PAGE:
Braeden Dupree, 16, and Logan Rasmusson, 17, load a couch into the back of a pickup truck March 11 at Central Furniture Rescue in Cedar Rapids. The organization is looking for a permanent warehouse to serve 500 households annually with new-used furniture. (Jim Slosiarek/The Gazette)
CEDAR RAPIDS — Kaneisha Taylor felt “more than joy” as volunteers with Central Furniture Rescue moved furniture into her two-bedroom apartment.
Taylor, 25, gave birth three months ago to her third child and didn’t have money to fully furnish a new apartment after moving in Feb. 5. The family of four piled into Taylor’s bed each night.
“It’s like a war in my bed,” Taylor said with a laugh.
The furniture — a couch, kitchen table and chairs, toddler bed, a few end tables and some toys for the kids — will “make her home a home,” Taylor said.
But for Central Furniture Rescue to continue providing free, gently used furniture to Eastern Iowans like Taylor, it needs a permanent warehouse home to store donated furniture.
Central Furniture Rescue started in January 2019 and helped 229 households last year with an estimated $82,000 worth of household items — using a similar pricing standard as Salvation Army.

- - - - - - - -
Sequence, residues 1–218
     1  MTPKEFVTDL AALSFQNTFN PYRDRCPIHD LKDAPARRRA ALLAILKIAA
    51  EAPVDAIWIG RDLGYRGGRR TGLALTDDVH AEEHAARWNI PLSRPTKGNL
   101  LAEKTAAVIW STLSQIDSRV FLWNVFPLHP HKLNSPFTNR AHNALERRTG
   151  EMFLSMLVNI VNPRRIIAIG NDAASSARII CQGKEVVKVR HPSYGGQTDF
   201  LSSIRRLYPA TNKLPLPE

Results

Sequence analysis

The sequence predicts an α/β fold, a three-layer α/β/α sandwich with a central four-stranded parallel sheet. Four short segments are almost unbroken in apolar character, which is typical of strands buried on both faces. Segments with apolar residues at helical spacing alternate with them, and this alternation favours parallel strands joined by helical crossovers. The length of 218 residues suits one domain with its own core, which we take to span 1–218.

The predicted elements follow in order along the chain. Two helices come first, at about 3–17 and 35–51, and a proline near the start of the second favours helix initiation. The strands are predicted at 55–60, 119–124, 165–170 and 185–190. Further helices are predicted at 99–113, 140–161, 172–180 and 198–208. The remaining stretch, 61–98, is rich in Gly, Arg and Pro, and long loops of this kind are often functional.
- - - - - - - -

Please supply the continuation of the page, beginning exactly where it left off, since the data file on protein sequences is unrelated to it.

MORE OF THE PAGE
Couches, beds, kitchen tables, pots and pans, and other household goods are donated to Central Furniture Rescue and delivered to people in need referred by HACAP, Willis Dady, Waypoint, the Abbe Center and Family Promise.
The program moved from two garages into a 4,800-square-foot warehouse, courtesy of owner Adam Gibbs, until that warehouse was rented. Gibbs offered to let the organization move into a different, 12,000-square-foot vacant warehouse, which it did Jan. 25.
That warehouse now also has been rented, and the organization has to move again by May 1.
“We are in no better shape than the clients we help,” said Susan Johnston, founder of Central Furniture Rescue. “We are transient and unstable, and we cannot focus on the future if we don’t have a stable place to be.”
In a perfect world, Johnston hopes someone with an empty warehouse can lease it to Central Furniture Rescue for five years for $1 a year. She doesn’t want Central Furniture Rescue to own a building because it’s not “financially responsible” for the organization. “What happens if we suddenly don’t need the building anymore?” she said.
“We need to have warehouse space to be able to have an inventory of at least three weeks’ worth of deliveries at a time,” Johnston said. “That would have to be storage to hold 150 beds, 50 couches ... at a minimum 10,000 square feet.”
As of mid-March, Central Furniture Rescue had made 75 deliveries in 2020, and Johnston said they are behind. Johnston estimates they will reach 500 households this year, delivering to almost 10 households a week.